EDIT: If you are interested in this topic, take time to read the comments. Several people have added great points and ideas.

Enjoy the day, Ann

28 comments:

  1. Thank you for some very valuable tips on using family clothing! I made quilts from my late FIL's jeans and signature flannel shirts for his 3 grandchildren. I was skeptical about how much usable fabric I would get, but didn't want to use any new material except for the backing & binding, so I laid out my simple squares for all the quilts first. Good thing I did, as it showed that I wouldn't have enough. I found pictures of each of the children individually with their grandfather, ranging from birth to adulthood. I transferred the pictures to Printed Treasures fabric sheets, cut them to a size that would replace several squares at once, and sprinkled them throughout the quilts. The grandchildren have a wonderful keepsake of their relationship with their grandfather, a very special man indeed. It was a sad, yet comforting, experience for me, too. I look at clothing piles of family members who pass with a different eye now.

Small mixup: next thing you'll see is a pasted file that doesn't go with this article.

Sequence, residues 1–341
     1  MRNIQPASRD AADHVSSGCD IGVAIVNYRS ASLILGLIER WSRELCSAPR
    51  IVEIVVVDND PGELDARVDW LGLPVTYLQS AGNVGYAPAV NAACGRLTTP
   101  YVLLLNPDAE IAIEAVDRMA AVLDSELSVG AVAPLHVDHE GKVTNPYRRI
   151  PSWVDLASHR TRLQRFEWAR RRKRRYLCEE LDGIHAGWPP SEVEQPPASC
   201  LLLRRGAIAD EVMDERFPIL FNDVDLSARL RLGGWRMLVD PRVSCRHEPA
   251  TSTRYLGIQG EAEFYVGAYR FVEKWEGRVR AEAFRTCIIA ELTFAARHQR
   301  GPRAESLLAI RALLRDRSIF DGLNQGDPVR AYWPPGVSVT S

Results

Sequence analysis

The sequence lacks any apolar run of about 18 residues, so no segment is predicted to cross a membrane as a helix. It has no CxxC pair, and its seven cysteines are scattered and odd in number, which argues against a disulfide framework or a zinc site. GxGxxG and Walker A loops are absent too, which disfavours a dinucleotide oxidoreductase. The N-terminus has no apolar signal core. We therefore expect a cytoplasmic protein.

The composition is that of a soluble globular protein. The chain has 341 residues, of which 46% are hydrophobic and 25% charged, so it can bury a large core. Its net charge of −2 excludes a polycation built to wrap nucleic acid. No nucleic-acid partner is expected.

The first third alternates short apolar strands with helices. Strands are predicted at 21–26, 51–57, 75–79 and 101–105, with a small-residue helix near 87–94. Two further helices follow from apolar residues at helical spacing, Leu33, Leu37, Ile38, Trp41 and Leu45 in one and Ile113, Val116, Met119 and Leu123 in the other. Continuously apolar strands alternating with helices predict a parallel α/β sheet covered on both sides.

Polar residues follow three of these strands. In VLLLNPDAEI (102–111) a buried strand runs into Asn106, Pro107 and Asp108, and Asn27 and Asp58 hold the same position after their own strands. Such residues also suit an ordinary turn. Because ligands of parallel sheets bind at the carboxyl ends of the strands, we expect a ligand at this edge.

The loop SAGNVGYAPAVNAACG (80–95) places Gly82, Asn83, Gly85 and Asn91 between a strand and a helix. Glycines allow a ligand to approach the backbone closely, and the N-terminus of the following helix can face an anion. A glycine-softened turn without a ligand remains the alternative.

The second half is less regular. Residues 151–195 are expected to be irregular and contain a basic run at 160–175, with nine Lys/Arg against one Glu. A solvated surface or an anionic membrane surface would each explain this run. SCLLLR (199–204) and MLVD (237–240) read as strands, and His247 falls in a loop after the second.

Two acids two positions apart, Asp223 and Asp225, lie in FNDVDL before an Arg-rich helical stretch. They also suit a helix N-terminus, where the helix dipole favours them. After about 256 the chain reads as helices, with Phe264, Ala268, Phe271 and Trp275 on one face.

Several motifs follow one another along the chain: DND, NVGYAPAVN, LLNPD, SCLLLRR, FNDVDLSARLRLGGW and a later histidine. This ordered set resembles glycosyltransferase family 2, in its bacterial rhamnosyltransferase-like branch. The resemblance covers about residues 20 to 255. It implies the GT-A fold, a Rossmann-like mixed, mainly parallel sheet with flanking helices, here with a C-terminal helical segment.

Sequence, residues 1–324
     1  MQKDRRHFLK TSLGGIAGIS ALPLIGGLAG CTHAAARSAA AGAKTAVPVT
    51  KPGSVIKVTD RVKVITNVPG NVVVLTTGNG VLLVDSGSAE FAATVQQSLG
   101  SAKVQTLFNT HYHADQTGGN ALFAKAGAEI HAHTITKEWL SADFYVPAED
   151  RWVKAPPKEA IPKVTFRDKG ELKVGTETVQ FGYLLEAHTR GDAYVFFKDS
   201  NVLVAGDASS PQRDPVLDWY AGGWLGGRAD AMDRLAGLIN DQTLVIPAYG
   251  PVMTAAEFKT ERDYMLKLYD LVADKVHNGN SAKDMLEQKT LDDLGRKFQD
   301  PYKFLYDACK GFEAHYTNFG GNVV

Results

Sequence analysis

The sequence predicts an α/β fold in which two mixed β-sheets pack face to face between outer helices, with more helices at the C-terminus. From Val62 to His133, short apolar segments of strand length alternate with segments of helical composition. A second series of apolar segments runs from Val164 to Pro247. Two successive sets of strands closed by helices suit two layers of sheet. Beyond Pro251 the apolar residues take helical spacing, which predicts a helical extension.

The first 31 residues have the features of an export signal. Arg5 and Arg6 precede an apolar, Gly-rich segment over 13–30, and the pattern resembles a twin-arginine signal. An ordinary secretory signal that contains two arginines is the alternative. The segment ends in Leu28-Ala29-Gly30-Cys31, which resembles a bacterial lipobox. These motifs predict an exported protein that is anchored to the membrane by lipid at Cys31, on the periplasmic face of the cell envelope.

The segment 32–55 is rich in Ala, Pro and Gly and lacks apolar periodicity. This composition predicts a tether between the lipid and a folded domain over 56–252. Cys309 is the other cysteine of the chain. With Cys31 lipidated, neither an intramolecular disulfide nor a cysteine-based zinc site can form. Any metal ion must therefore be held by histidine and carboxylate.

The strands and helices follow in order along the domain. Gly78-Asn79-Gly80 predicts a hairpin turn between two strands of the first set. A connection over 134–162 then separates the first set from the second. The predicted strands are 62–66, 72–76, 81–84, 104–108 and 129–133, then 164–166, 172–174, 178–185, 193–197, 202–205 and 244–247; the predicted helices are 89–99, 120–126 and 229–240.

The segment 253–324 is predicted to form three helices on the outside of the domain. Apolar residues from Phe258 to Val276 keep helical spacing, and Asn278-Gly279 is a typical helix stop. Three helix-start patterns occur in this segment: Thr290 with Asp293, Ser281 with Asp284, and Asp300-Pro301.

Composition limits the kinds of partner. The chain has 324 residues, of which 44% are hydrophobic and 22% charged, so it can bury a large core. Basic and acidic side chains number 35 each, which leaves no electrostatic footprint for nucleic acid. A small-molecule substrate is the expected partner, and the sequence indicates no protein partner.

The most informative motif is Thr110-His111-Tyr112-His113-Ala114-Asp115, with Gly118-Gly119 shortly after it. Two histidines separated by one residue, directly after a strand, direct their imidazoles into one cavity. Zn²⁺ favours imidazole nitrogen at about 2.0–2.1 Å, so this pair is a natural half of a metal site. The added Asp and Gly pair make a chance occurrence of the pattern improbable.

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    1. BJ. That's a fabulous way to add to the memory and extend the amount of fabric. Tying the person with each grandchild using many years of photos made it more personally meaningful to each of them as well as to you. Your ingenuity is outstanding and must have helped you work through some of your grief. At least, that's what we found.
      This opens more avenues to use. For example, if the loved one had a special commemoration, such as a medal that couldn't be split or attached to a quilt, it could be photo-transferred each quilt.
      Thanks so much for sharing.

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  2. What a wonderful post, Ann. For those especially frail fabrics, you can use tricot fusible interfacing to help stabilize them (it is quite soft so it doesn't greatly alter the hand, but it does add stability for the fibers). It works well for t-shirts, too.